I found the following piece of literature in a 1959 National Geographic magazine that I own. It is part of a huge collection that I purchased from an estate.
This writing can also be found inscribed on “The Old Drum Memorial” in Warrensburg Missouri and was written in 1870.
A Tribute To The Dog
A speech made by the late Senator Vest of Missouri in the trial of a man at Warrensburg, who had wantonly shot a dog belonging to a neighbor. Mr. Vest represented the plantiff, who demanded $200. damages.
As a result of the following speech, the jury, after two minutes of deliberation awarded the plantiff $500.
Gentlemen of the jury: The best friend a man has in this world may turn against him and become his enemy. His son or daughter that he reared with loving care may prove ungrateful. Those who are nearest and dearest to us, those whom we trust with our happiness and good name, may become traitors to their faith.
The money a man has, he may lose. It flies away from him, perhaps when he needs it most. A mans reputation may be sacrificed in a moment of ill considered action. The people who are prone to fall on their knees to do us honor when success is with us may be the first to throw the stone of malice when failure settles its cloud above our head.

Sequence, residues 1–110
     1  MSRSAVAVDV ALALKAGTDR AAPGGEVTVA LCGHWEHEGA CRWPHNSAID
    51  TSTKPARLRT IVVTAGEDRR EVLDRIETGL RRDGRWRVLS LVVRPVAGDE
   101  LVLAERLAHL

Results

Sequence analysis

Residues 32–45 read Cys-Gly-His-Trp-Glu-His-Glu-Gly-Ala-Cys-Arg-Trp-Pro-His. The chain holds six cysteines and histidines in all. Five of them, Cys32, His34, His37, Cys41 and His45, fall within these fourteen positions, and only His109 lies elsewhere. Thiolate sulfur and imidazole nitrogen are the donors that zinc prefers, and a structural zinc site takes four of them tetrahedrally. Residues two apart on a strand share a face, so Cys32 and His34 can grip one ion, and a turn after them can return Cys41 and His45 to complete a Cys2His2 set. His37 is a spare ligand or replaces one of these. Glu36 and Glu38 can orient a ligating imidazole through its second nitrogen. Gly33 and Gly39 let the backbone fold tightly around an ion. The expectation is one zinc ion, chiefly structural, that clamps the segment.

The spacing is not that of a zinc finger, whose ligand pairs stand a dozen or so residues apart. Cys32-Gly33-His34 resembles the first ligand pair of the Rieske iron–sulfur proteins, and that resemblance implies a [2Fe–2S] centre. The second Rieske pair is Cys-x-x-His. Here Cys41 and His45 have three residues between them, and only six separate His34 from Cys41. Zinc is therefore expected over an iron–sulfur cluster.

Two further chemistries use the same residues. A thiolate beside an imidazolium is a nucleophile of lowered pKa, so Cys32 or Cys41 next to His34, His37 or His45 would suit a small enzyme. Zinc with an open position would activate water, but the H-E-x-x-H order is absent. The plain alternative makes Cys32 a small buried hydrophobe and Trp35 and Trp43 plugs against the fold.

The ONE absolutely unselfish friend that a man can have in this selfish world, the one that never deserts him and the one that never proves ungrateful or treacherous is his DOG.
“Gentlemen of the jury, a man’s dog stands by him in prosperity and in poverty, in health and in sickness. He will sleep on the cold ground, where the wintry winds blow and the snow drives fiercely, if only he may be near his master’s side.
He will kiss the hand that has no food to offer, he will lick the wounds and sores that come in encounters with the roughness of the world. He guards the sleep of his pauper master as if he were a Prince.
When all other friends desert he remains. When riches take wings and reputation falls to pieces, he is as constant in his love as the sun in its journey through the heavens. If fortune drives the master forth an outcast in the world, friendless and homeless, the faithful dog asks no higher privilege than that of accompanying him to guard against danger, to fight his enemies, and when the last scene of all comes, and death takes the master in its embrace and his body is laid away in the cold ground, no matter if all other friends pursue their way, there by his graveside will the noble dog be found, his head between his paws, his eyes sad but open in alert watchfulness, faithful and true even in death.
Courtesy of “The Daily Star- Journal” Warrensburg MO dated 1870